Argentina's peso currency crashed Monday, closing 15,27 percent weaker at 53.5 per US dollar after slumping some 30 percent to a record low of 65 to a dollar earlier in the day after Argentinian President Mauricio Macri suffered a loss in a primary election, Reuters reported, Trend reports citing Sputnik.
Meanwhile, the Buenos Aires stock exchange tumbled by almost 38 percent on Monday as markets reacted following Mauricio Macri's defeat in the party primaries over the weekend, AP reported.
The Merval index plunged to 27,530.80 points, a drop of 37.93 percent, as some major stocks lost up to 50 percent, AP said.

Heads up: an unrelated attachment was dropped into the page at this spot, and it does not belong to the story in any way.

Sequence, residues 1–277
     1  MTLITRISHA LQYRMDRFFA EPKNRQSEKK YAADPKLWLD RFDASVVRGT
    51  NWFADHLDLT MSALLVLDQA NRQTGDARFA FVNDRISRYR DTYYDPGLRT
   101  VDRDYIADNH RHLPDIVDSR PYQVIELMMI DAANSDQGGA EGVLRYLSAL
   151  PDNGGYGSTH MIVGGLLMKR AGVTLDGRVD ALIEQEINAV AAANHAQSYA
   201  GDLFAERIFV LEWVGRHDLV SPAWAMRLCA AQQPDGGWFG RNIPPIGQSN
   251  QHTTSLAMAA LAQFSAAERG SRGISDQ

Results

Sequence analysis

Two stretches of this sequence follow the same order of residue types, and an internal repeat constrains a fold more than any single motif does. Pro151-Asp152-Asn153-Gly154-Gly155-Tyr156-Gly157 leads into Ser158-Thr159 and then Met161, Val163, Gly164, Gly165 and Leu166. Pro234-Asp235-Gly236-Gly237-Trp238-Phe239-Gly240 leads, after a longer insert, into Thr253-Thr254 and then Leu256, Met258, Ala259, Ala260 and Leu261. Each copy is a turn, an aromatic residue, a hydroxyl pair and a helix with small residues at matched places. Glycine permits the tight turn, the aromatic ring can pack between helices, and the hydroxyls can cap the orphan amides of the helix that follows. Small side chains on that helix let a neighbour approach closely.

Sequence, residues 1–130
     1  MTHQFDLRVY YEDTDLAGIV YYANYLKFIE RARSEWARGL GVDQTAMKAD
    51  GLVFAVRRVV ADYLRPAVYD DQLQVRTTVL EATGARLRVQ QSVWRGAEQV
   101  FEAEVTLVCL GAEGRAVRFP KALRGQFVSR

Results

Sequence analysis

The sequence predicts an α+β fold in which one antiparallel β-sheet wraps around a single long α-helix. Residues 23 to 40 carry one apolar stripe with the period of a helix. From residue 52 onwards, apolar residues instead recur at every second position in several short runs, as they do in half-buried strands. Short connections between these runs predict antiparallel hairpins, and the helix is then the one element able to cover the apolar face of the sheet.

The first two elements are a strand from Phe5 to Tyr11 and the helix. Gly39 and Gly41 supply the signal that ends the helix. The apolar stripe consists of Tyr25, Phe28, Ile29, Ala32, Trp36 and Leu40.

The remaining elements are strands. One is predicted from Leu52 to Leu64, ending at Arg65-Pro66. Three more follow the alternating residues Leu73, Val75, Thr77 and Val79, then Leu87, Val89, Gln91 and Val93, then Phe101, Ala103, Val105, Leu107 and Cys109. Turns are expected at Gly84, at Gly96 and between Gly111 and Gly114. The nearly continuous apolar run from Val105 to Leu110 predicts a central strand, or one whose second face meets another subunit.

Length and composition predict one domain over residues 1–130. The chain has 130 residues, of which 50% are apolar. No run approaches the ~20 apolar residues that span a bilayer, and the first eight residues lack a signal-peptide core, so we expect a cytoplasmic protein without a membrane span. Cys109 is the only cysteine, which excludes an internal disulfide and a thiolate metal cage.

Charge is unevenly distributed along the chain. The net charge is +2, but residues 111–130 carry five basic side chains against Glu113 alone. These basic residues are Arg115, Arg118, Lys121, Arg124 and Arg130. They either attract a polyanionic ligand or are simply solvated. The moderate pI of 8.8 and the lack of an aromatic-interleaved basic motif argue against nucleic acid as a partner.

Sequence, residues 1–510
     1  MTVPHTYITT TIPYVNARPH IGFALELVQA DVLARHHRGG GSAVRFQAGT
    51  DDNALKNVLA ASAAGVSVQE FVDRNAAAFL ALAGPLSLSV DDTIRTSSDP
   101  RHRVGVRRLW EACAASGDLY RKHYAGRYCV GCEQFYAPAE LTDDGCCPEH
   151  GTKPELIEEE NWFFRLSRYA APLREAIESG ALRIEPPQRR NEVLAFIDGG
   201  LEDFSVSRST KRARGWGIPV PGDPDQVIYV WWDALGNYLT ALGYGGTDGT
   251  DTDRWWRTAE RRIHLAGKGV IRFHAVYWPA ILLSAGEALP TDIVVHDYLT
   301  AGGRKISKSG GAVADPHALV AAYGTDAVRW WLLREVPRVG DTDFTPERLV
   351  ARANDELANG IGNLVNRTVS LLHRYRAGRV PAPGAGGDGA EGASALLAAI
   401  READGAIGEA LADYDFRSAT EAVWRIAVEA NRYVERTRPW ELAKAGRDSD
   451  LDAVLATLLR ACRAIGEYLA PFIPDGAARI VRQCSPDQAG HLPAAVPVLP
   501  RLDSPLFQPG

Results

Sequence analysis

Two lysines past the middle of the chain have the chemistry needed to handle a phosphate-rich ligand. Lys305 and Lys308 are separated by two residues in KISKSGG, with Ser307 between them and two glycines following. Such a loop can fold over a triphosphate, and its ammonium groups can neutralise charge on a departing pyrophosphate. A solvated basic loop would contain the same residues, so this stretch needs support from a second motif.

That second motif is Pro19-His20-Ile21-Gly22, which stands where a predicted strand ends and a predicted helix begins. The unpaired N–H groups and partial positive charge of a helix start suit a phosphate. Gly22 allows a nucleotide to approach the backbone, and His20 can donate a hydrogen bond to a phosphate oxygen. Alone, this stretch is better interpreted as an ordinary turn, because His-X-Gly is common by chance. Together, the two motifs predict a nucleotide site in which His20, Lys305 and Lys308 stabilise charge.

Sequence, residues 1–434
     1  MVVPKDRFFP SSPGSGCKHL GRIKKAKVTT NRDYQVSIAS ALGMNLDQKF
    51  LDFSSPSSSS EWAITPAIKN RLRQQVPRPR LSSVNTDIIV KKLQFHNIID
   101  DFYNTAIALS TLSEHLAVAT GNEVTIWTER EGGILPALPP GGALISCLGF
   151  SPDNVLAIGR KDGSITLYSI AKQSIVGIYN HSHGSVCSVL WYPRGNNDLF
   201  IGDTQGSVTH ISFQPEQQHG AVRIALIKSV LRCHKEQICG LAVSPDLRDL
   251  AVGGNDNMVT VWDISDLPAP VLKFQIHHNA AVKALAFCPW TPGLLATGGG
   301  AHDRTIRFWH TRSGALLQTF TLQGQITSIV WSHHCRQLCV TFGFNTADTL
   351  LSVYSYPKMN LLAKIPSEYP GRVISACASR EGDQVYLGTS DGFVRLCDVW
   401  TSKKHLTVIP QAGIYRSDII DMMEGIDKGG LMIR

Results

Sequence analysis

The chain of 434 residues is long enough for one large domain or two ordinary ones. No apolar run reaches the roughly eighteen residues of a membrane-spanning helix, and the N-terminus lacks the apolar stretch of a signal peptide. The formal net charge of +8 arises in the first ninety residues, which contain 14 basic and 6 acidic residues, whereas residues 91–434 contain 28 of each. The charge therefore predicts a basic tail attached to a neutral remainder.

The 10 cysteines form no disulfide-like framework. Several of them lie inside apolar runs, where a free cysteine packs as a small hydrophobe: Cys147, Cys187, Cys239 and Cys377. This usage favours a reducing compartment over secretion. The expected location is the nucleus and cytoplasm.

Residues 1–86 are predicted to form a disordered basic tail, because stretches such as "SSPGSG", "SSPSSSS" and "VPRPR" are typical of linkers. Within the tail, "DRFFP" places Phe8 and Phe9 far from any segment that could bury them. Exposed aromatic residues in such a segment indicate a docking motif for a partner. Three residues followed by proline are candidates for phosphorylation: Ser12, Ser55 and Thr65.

According to local media reports, Frente de Todos (Front for Everyone) party, led by former Prime Minister Alberto Fernandez, is in the lead with 47.7 percent of votes, followed by President Mauricio Macri’s coalition Juntos por el cambio (Together for Change).
The possible election of Fernandez would reportedly mean a switch to left-of-centre policies that are popular with the majority of voters, but also risk exacerbating what is already record high inflation.
A number of banks, including Banco Galicia, BBVA, Banco Ciudad and others, already reportedly lowered peso's exchange rate by 10 percent from Sunday to above 50 Argentine pesos per $1.
Macri has convened a government meeting after losing Sunday primaries and ordered the ministers to analyze the necessary changes in governance and develop a strategy to prevent a sharp fall in the rate of the national currency.